Why does my knee hurt?

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Why does my knee hurt?

So your knee hurts and your not sure what’s causing the pain… Or worse, you’re listening to someone complain about their knee pain and they are doing nothing about it. At Compass Physio (Tullyallen, Co Louth & Castlecomer, Co Kilkenny) we treat a lot of knee problems and get people back to their best, whether it’s on the sports field or just getting in and out of the car. So let’s talk about what could be causing the knee problems.

Ligament: The knee is supported by four main ligaments. MCL (Medial Collateral Ligament) and LCL (Lateral Collateral Ligament) prevent the knee from buckling sideways. The ACL (Anterior Cruciate Ligament) and PCL (Posterior Cruciate Ligament) prevent the knee from giving way. A ligament injury can be classed into three grades (Gr 1, less than 50% fibre damage, Gr 2, greater than 50% fibre damage, Gr 3 – complete rupture (may require surgery)), Physiotherapy intervention can help with all three injury types. A ligament injury is usually associated with a traumatic event, such as a fall or a awkward tackle in sport. If you’re knee is giving way and doesn’t feel supported then their may be ligament damage and it’s best to get a Physiotherapy assessment.

Meniscus: There are two menisci — C-shaped pieces of cartilage that act like a cushion between your shinbone (tibia) and your thighbone (femur). Meniscus injuries can be associated with a twisting injury where there is a sharp change of direction with a sudden deceleration. This can also be combined with a ligament injury. Meniscus may also be damaged as a result of wear and tear (getting old) – Yes don’t expect to get to 60 years old without some wear and tear in your joints. A torn meniscus causes pain, swelling, stiffness, locking sensation or a block to knee motion. You may also experience pain going up and down stairs or with a deep squat.

Patella (Knee cap):  Patella pain is also a common complaint, which is caused by wear and tear where the knee cap meets the femur. It’s supposed to slide up and down the groove easily but maltracking of the knee cap in the grove of the femur can cause degeneration and excessive swelling. The cause of wear and tear is mechanical in nature with poor control of your hip muscles (mainly gluts) or poor foot position (over pronation) often being the main culprits to blame. Physiotherapy can help address any acquired biomechanical issues and advice on rehabilitation and exercise modification to help manage the condition.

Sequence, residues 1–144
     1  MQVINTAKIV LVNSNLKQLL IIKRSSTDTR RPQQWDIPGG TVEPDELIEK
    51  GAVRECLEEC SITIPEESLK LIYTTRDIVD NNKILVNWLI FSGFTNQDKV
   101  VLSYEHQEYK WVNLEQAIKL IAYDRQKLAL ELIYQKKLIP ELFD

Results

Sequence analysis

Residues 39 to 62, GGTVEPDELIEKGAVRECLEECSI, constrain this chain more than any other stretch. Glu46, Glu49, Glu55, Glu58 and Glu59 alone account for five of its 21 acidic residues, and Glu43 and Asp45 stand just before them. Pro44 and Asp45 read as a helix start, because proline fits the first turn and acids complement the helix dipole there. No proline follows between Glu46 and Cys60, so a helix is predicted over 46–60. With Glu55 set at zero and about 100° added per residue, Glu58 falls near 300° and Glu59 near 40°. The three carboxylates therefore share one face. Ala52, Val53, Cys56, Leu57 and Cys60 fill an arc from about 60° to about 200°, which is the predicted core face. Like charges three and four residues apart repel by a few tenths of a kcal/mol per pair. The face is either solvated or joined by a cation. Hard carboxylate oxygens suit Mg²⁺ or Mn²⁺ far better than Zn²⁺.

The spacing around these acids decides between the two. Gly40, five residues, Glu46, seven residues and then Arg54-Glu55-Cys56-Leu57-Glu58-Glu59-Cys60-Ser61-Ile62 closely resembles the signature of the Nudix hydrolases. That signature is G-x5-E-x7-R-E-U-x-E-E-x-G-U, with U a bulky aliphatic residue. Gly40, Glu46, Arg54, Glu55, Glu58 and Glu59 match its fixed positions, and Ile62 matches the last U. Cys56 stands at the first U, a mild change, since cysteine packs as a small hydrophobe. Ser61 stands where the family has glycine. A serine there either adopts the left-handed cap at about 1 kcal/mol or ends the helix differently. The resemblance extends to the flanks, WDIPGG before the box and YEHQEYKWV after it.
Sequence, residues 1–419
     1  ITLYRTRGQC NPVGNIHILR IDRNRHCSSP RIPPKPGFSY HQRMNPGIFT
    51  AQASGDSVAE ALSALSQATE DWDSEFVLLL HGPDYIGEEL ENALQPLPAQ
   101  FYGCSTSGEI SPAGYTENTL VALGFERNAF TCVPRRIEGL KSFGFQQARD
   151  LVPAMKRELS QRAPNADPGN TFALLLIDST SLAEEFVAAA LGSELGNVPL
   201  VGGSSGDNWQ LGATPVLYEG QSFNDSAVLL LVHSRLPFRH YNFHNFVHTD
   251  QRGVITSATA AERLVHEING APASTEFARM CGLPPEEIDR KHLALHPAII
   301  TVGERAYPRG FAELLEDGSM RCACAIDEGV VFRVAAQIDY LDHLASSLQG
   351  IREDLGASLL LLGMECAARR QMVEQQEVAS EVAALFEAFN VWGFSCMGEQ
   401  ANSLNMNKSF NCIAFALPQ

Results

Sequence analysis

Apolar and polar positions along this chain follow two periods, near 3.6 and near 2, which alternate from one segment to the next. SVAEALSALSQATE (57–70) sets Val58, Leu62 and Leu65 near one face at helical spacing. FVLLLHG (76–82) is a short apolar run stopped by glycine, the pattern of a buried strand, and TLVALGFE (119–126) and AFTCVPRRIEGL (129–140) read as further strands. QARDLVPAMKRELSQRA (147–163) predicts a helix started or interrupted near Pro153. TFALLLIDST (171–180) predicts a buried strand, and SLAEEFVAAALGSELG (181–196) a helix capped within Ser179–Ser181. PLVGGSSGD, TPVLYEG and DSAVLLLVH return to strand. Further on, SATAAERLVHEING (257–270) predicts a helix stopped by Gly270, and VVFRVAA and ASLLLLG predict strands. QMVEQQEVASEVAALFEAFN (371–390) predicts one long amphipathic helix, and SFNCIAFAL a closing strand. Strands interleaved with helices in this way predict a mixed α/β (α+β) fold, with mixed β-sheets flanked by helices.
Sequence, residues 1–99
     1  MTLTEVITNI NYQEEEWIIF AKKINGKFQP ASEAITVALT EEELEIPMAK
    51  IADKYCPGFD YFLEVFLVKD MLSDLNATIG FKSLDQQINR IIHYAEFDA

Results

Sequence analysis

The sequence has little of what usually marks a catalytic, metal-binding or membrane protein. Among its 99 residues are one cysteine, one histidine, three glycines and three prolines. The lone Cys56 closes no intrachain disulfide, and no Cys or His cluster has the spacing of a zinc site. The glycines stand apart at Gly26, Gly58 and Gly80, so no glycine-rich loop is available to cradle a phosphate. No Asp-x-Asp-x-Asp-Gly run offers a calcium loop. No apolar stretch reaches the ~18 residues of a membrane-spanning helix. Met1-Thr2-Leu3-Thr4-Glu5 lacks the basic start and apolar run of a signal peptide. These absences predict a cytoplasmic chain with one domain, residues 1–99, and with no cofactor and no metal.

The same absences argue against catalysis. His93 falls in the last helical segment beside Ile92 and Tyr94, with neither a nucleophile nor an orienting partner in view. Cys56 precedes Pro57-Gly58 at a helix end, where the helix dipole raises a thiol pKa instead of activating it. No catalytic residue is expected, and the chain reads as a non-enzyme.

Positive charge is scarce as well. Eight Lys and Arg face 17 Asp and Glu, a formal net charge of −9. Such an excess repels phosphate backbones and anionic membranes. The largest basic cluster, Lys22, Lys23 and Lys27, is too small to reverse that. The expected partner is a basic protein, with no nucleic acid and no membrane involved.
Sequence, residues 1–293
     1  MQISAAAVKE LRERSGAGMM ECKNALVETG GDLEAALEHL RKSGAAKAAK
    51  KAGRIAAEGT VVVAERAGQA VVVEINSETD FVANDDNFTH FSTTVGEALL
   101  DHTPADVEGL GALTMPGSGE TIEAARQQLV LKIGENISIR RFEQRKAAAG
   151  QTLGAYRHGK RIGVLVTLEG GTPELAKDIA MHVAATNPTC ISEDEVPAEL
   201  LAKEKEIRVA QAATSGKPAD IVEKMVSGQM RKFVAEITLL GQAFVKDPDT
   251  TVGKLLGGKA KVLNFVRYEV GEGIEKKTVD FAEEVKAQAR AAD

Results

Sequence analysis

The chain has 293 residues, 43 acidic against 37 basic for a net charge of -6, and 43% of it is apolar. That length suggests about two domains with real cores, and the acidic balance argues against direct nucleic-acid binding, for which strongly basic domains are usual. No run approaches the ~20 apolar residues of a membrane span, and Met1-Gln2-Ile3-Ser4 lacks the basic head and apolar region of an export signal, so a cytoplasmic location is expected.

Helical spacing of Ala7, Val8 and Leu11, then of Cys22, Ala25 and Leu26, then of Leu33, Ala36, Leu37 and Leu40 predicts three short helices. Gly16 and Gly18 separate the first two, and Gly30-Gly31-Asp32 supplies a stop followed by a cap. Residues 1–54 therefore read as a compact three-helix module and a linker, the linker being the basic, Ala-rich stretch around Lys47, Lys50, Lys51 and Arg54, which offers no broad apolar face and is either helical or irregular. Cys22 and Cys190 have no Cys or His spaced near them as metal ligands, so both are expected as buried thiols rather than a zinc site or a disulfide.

Tendons: Tendons attach muscles to bones and the knee is a major junction point for tendons with attachments above and below the joint line. The quad, hamstring, calf, groin and ITB muscles all have tendon attachments around the knee. Overuse or poor biomechanical issues can lead to overloading the tendons causing them to become inflamed and painful. This results in poor performance and function of the knee joint. A Physiotherapy assessment can assess where the dysfunction is coming from and advise on an appropriate treatment plan.

Other issues: Osteoarthritis, bakers cysts, patella dislocation, fracture or referred pain from the lumbar spine can all be causes of knee pain. A Physiotherapy assessment with any of our highly qualified therapists at Compass Physio will be able to give you a plan to put in place to help with your rehab. We can also discuss options of further investigation such as MRI or X-ray and referral to orthopaedic surgeons if necessary.

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To find out how Compass Physio can help, call 0419847545 (this number covers all clinics), click here to book online or download our free information booklet. You can also email any questions to info@compassphysio.ie

Colin Phillips MISCP
Chartered Physiotherapist
Compass Physio